Answer 2 (new)
Complementing the general answers, I add an addendum, which in my view is considerable, and also practically reinforcing my first response:
As stated in Bruno Costa's reply, the problem in question was formulated by Edsger W. Dijkstra in 1965 .
With that, going back there where there were not many programming languages like today, and also features of the most limited languages, is really a simple exercise to show problems in synchronizations (as it says in the source itself).
Nowadays with the great range of resources and languages we have, the issue is in parts branched out for ourselves due to ideas beyond the proposed context (a simple synchronization exercise).
On Wikipedia, you have all the history and solutions to the problem:
Dining philosophers problem
- Resource Hierarchy Solution
What was the original solution proposed by Dijkstra, treating philosophers as processes and forks as resources.
Solution where you have a "referee" in the context, for example the waiter, who will give the permissions and orders to the philosophers.
In 1984, K. Mani Chandy and J. Misra gave the solution akin to arbitrary, but counting on philosophers to speak to each other using "requests," that is, each philosopher would solicit the fork from his right-hand neighbor and to the left, thus allowing, would have the 2 tools, and in case of failure, could wait to request another and lend his own fork, not falling into deadlock.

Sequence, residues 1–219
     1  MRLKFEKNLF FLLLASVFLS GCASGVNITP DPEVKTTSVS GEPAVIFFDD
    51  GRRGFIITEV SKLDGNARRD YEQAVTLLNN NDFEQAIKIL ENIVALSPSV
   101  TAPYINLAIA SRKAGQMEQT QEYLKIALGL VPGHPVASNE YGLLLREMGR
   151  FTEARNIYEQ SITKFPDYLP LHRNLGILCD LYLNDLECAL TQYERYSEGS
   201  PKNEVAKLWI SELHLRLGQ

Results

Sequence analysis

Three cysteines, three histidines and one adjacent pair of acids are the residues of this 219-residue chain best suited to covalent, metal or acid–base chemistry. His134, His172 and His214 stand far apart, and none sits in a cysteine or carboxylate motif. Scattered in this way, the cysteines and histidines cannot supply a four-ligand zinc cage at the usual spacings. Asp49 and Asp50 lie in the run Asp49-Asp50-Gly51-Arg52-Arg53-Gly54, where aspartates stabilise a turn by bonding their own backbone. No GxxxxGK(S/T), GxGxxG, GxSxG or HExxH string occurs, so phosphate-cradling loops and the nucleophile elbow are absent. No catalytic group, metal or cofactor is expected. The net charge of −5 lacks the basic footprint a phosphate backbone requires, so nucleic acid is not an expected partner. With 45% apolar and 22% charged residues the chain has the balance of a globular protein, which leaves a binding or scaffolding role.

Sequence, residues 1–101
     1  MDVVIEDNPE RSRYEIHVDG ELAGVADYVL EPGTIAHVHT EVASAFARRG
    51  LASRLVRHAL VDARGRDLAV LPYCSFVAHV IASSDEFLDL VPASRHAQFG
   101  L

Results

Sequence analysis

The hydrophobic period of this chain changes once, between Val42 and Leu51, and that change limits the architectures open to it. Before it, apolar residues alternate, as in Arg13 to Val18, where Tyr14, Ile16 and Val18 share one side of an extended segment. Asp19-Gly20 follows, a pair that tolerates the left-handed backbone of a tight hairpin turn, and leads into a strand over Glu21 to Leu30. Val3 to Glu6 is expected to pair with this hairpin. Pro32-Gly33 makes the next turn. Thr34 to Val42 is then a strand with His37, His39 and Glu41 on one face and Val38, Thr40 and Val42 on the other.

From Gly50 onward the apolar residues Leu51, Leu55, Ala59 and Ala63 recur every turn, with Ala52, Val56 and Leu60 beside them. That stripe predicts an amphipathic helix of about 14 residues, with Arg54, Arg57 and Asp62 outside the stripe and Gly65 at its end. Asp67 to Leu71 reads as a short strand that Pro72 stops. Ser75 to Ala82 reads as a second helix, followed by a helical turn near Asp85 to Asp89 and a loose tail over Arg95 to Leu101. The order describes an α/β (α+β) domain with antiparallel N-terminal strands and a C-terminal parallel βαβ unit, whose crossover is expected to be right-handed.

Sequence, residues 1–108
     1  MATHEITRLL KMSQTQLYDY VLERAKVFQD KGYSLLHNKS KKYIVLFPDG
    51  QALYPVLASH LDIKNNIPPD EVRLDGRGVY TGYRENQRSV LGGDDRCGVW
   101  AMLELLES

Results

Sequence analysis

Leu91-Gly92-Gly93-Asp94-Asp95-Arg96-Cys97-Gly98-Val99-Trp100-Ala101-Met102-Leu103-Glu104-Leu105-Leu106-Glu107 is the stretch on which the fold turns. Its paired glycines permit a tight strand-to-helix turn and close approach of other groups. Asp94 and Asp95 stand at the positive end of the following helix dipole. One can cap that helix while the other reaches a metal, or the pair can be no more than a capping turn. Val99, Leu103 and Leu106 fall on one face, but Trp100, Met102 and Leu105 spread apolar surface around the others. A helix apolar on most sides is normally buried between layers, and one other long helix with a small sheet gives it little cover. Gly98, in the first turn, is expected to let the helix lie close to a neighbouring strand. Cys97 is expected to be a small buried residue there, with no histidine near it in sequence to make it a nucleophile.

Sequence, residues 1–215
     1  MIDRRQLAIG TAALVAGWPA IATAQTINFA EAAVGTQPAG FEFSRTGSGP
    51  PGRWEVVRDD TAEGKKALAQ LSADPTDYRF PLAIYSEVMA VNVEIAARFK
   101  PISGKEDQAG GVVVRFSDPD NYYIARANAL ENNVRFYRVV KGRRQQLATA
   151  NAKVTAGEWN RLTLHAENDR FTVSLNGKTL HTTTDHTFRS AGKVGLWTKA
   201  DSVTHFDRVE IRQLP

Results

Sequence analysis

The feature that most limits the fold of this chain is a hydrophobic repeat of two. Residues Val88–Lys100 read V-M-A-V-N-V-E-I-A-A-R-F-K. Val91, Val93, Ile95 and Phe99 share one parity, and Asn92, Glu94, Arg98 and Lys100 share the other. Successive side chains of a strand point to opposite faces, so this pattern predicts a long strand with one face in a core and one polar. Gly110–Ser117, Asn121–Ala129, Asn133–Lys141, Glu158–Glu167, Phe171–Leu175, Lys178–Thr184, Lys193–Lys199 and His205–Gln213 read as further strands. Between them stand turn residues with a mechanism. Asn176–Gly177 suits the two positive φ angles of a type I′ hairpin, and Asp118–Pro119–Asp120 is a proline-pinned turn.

Answer 1 (old) [-2]
I will answer briefly from my point of view, with my words, that is, the line of thought is the same, but sometimes it is clear that we can have other ways.
What is the problem of gluttonous philosophers?
As I see it, it's simply a great analogy between process x feature, task x execution, or even more examples that we can fit in.
What does the philosophers' dinner actually model?
A well-crafted problem for a logical question. Although, if applied in the logic would be easier to solve, since we control all the ways.
How important is it to a programmer?
First of all, first of all, "where to begin to solve the situation" and after, what forms, and which is the best.
When should a programmer be directly concerned about this problem?
So that's the "X" of the question as I see it. I understand that, very briefly, we should always have well defined algorithm, not to enter the deadlock, as in the above answer.
That is, the importance of setting priorities, in brief example, a list of tasks that must be performed but depends on each other (they would be the philosophers, who depend on the forks), and then if they all need to be executed, what is the priority, that is, who has the power to move ahead? Or for example, on a scale of 0 to 100, what is the priority level of that?
Is there anything real and everyday that we run into with this problem without knowing it? I do not know, in a database?
An example with database: What is deadlock in SQL Server?
If someone understands differently, please comment!